- Actualize concepts – Actualize technical, aesthetic, and conceptual decisions based on an understanding of design principles and by using appropriate tools and technology. This includes knowing how to learn technology with the recognition that technological change is constant.
- Evaluate solutions – Evaluate work in their field, including their own work, using professional terminology and demonstrating fluency in the use of the formal vocabulary and concepts of design. This includes recognizing the influence of major cultural and aesthetic trends, both historical and contemporary, on design products and services.
- Implement processes – Implement design processes with a strategic understanding of how communication is planned, produced and distributed. This is exhibited by the ability to solve communication problems including identifying the problem, researching, analysis, solution generating, prototyping, user testing and outcome evaluation.
- Produce professional design – Produce a body of design work suitable for seeking professional opportunities in their chosen branch of design. This body of work demonstrates effective use of typography, images, diagrams, motion, sequencing and color with an informed consideration of content, elements, structure and style.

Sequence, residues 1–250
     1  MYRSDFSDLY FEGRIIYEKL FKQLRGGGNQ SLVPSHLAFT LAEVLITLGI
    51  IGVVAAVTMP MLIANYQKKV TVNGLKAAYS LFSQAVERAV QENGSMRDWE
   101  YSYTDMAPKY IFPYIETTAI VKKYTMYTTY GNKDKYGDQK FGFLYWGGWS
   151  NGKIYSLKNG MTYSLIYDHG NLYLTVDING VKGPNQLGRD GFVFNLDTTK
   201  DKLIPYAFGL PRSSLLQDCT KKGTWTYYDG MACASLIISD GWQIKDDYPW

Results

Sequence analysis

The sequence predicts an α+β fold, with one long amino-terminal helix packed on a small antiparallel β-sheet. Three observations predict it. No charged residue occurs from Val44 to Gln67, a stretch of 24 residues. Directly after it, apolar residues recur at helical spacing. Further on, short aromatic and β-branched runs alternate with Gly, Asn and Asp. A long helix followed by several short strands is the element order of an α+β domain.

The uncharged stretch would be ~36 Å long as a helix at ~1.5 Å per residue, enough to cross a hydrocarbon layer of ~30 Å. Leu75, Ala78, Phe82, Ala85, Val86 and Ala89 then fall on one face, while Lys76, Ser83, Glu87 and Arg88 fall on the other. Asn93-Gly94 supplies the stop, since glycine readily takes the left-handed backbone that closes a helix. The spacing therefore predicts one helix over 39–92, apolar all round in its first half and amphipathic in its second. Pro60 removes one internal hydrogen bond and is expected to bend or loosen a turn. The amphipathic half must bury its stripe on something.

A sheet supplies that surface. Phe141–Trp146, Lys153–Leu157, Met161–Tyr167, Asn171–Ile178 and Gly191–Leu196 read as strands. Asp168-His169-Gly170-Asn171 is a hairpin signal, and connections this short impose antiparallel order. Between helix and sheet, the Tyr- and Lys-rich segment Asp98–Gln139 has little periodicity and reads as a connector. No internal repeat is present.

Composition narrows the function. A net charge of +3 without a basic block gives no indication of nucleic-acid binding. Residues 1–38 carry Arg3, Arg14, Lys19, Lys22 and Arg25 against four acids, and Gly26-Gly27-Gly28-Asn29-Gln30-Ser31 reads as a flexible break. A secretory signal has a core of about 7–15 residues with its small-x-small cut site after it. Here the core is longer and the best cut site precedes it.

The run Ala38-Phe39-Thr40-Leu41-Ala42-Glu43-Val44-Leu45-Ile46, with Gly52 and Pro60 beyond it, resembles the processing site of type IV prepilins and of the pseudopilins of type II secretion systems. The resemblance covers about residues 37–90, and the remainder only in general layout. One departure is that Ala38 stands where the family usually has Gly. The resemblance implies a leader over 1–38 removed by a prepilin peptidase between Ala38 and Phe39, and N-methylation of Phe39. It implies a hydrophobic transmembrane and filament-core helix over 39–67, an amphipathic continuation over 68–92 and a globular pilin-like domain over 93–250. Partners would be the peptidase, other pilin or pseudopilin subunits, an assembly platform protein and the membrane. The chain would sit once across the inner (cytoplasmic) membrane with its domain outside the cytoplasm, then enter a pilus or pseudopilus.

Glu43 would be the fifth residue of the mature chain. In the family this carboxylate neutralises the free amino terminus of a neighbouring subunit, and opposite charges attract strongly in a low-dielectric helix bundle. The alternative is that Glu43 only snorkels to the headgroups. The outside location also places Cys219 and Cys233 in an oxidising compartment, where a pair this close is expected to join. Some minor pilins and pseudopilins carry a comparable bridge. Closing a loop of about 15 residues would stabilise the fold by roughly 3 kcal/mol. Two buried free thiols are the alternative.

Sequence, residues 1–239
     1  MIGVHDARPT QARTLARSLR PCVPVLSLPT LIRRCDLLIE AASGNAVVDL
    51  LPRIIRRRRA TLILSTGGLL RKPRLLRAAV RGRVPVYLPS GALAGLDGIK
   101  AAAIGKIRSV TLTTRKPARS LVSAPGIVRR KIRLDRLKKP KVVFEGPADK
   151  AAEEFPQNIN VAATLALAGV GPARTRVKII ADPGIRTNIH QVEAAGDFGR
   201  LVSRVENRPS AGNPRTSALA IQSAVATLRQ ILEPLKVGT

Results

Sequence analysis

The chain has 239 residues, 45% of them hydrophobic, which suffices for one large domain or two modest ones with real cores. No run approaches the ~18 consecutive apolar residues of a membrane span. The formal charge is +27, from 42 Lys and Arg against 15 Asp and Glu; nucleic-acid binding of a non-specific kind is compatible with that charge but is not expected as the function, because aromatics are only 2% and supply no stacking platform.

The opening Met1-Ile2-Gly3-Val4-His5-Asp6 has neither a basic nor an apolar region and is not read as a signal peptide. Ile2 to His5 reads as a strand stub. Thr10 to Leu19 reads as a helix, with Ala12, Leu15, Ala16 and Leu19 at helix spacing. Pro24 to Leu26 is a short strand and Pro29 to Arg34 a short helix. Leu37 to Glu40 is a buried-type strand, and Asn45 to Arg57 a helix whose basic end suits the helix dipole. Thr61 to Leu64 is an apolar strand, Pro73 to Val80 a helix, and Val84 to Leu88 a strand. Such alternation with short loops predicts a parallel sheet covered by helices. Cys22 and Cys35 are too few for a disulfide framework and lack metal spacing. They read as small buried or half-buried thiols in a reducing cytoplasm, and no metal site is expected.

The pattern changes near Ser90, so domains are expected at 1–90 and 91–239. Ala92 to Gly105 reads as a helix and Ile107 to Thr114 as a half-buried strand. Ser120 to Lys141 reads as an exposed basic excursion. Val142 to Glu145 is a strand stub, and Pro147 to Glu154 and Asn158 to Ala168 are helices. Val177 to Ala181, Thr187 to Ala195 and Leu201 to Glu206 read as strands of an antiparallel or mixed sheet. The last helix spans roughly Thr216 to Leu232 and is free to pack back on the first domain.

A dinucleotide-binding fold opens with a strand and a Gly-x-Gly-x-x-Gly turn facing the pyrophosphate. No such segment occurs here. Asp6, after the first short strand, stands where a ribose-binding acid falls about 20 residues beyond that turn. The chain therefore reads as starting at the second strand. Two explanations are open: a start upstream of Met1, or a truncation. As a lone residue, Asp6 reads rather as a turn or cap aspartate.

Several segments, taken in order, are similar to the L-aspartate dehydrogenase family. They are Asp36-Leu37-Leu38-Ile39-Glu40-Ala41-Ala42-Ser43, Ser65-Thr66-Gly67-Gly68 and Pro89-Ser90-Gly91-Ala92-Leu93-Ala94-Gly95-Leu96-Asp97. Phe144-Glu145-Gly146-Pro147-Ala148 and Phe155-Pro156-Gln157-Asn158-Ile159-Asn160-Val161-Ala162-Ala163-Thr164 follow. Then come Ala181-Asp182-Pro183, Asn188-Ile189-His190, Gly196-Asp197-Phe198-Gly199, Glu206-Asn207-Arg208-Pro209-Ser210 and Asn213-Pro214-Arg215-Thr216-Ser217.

Admission Requirements: School of Communications
The requirements for admission into the undergraduate School of Communications programs are the same as those for admission to Quinnipiac University.
Admission to the university is competitive, and applicants are expected to present a strong college prep program in high school. Prospective first-year students are strongly encouraged to file an application as early in the senior year as possible, and arrange to have first quarter grades sent from their high school counselor as soon as they are available.
For detailed admission requirements, including required documents, please visit the Admissions page of this catalog.